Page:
This was an opinion piece published in Dubbo Photo News on Thursday 26 May.



I received a phone call last week. Actually I received a lot of calls and texts and e-mails and messages and…you get the idea. One phone call stood out though. I saw the name come up on my phone. It was someone whom I had talked to often when I was the Mayor. He usually wasn’t very happy with something that was happening at Council or wasn’t convinced we were making the right decision on a variety of issues. He generally seemed fairly negative with Council – or maybe it was just with me. That was part and parcel of the role of a Councillor and as the Mayor – you took phone calls and had meetings with people regardless of their view or position on a subject. In my twelve years as a Councillor, there was not a single person I refused to meet with or take a phone call from and I personally answered every e-mail along with all the messages on social media. No big deal – it is no less than I would expect any elected official to do.

When this phone call came in it was different though. I was no longer the Mayor of this great City. I was still depressed and angry and confused about not being the Mayor but I also had to come to grips with the fact that I no longer needed to take every call and respond to every enquiry. The State Government had appointed someone to do all of that on behalf of our city. I could just wash my hands of these calls and come to grips with my new role – which was not the official representative of Dubbo nor the spokesperson for Dubbo City Council.

My finger paused over the red button on my phone. I knew the right thing to do was to push the red button and continue on having breakfast with my kids. I couldn’t do it though. My sense of civic duty was too high and, although I didn’t have the title, I still felt the basic need to help people in our community. So I hit the green button and answered the call. My head still wasn’t in a great space about the entire situation and I braced myself for this gentleman to tell me that he was happy to see us all go.

His first words amazed me when he said “I am devastated that you have all been sacked!” I almost fell off my chair. He continued on to tell me that he has had his battles with Council over the years, of which I was well and truly aware, but he felt comfort in the fact that he could have his battles with Council. In the wonderful democracy we live in, although he might not agree with the outcome, he respected the outcome because it was arrived at by a democratically elected group of people that he had full and open access to. He had the ability to put his point of view to eleven Councillors with the hope that he could convince at least six of them that his point of view was the correct one. And if he couldn’t convince the majority, then he fully respected the decision arrived at via a democratic process. He said that it didn’t mean he always liked the decision but he respected the decision. That was a critical difference. We chatted further for some time and when the call finally ended, I felt even more satisfied with what Councillors had achieved as a group together but also more disappointed about how it had ended.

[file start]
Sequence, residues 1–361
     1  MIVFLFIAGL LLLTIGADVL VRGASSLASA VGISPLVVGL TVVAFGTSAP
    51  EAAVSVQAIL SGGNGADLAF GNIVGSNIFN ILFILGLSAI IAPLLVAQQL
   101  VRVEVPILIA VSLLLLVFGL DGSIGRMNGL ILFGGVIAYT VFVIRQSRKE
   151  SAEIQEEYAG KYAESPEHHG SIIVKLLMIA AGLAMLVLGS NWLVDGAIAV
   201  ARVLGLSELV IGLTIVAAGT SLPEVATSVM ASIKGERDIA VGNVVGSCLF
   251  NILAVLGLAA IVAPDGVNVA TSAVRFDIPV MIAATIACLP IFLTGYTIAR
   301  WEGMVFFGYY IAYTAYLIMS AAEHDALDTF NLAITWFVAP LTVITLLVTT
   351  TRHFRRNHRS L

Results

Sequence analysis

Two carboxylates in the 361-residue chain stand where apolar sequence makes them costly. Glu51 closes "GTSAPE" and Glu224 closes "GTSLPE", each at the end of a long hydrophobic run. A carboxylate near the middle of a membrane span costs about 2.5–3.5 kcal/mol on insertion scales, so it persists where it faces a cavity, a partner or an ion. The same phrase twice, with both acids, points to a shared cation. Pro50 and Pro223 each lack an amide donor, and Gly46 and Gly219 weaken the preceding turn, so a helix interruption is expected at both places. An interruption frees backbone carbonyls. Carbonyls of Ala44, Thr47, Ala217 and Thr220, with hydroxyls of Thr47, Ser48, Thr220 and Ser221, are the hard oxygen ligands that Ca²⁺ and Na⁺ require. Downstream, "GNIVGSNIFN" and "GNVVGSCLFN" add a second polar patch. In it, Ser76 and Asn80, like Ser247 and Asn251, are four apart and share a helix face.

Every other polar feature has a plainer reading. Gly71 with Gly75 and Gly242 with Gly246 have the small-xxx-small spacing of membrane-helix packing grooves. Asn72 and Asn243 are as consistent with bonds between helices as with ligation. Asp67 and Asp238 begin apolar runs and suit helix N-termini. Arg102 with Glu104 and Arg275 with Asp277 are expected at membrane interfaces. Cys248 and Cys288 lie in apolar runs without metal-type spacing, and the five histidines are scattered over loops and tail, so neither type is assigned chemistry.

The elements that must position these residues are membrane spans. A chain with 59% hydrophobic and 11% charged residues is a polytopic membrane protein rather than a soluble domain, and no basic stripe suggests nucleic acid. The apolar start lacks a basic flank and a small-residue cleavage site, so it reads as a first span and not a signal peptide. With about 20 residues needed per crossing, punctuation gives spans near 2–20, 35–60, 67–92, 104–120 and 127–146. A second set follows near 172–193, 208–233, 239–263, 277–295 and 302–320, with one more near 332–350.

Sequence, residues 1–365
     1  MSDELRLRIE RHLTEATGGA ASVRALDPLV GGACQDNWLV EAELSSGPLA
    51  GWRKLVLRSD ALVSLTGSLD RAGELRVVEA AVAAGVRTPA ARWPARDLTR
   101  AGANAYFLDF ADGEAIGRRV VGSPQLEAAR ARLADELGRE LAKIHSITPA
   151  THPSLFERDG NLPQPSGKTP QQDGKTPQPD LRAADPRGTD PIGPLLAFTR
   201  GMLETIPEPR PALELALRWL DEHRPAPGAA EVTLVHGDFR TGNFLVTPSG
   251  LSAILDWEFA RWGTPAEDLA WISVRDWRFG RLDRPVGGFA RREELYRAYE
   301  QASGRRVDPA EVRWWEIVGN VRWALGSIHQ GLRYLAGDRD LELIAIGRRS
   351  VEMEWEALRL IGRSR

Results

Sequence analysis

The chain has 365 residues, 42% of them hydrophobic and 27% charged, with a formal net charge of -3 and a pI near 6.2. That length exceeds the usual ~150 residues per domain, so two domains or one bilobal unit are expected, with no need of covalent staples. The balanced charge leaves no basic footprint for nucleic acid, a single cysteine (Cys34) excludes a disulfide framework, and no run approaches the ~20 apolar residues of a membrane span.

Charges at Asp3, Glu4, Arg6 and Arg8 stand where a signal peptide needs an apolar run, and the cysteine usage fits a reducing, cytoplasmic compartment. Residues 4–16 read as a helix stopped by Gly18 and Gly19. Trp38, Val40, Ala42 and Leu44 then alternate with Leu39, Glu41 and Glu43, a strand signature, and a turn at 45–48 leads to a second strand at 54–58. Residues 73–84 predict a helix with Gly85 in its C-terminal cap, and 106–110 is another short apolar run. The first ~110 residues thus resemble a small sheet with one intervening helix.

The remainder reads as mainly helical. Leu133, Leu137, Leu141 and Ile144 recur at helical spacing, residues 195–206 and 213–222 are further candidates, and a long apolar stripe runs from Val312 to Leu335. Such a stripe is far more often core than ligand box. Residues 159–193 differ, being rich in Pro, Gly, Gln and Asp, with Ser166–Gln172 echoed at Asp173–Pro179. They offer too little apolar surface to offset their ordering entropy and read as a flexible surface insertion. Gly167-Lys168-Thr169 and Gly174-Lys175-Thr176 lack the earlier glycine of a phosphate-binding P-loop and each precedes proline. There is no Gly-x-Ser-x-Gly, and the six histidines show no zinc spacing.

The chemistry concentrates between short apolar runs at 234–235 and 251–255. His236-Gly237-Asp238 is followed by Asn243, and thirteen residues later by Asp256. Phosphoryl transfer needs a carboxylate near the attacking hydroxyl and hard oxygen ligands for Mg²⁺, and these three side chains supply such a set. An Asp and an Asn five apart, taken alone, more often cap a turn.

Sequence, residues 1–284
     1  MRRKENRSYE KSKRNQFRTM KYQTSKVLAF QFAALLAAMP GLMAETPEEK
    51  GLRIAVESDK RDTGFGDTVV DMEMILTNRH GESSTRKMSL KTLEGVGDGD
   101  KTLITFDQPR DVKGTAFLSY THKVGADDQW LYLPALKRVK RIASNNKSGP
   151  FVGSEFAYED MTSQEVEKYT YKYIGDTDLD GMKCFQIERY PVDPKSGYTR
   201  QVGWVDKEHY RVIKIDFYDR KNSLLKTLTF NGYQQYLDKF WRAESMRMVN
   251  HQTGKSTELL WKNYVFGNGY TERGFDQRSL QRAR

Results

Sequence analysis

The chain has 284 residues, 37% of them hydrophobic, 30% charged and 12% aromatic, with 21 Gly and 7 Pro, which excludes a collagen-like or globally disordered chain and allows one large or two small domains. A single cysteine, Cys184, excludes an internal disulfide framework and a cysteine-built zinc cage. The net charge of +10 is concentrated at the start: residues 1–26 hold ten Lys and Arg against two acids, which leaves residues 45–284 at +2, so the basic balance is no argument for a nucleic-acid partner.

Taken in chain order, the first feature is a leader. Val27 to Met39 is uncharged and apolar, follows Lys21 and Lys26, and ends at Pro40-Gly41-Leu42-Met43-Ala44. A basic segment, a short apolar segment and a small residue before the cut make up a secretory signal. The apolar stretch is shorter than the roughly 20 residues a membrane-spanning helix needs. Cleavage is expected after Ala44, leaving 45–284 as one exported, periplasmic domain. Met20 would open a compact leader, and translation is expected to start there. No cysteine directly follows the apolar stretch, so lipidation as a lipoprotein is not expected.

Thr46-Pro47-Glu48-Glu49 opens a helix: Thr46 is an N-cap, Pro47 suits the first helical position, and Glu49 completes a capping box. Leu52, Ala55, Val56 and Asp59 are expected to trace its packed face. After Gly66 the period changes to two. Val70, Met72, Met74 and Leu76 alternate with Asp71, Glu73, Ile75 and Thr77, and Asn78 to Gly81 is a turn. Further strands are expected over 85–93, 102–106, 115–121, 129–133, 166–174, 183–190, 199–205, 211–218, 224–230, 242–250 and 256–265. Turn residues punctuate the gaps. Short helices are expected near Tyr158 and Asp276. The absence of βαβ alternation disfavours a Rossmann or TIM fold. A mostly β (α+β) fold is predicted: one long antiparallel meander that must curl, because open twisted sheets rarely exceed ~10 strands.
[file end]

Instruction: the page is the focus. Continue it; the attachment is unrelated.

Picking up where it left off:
A Council – and by virtue the city – performing at its absolute best with record numbers across a number of critical areas does not deserve to be amalgamated, sacked and placed under an Administrator for 485 days. It was pointed out to me in another recent conversation that just the term “Administration” conjures up negative images and will adversely impact investment in Dubbo. I have nothing personal against the person who has accepted the role of Administrator but, by his own admission, he cannot possibly hope to perform the duties of two Mayors and all the Councillors of both former Councils. The democratic processes; the representation at a myriad of events; the proactive approach of trying to attract events and businesses and flights to Dubbo and much more will all be left lacking. This attack by the State Government on the core of our democracy is abhorrent and what is it all for? I can’t actually tell you. Oh sure, I have heard the Government propaganda machine tell us that it will deliver savings and put downward pressure on rates. One of Australia’s most successful CEOs, Don Meij from Domino’s, was in Dubbo recently as part of a joint Chamber of Commerce and Council initiative and he made a very important point to the assembled audience. In business, never base your decision on opinions. Always use the facts. We are still waiting to hear the facts from the State Government but, while we have been waiting for some plausible data, the decision has been made and both Dubbo and Wellington will suffer as a result. We are resilient people and the sky will not fall in but I guarantee that this decision will have negative ramifications on Wellington’s population and Dubbo’s strong overall economic growth. There may be some masking of this impact for a time due to the strong position the most recent Council has put us in and with the Alkane mine at Toongi about to ramp up but when we could have been rocketing forward we may, instead, lurch and meander.

This isn’t what Councillors envisaged when they put themselves forward for election and then, after our first meeting after the election in September 2012, we signed a unity pledge that said, among other things, to always put Dubbo first.

When I look at that signed pledge and read the full manuscript, you can feel total assurance that every Councillor honoured the entire pledge to the very last word to the very last hour.

Unfortunately, I can’t say the State Government has put Dubbo first in the same fashion.

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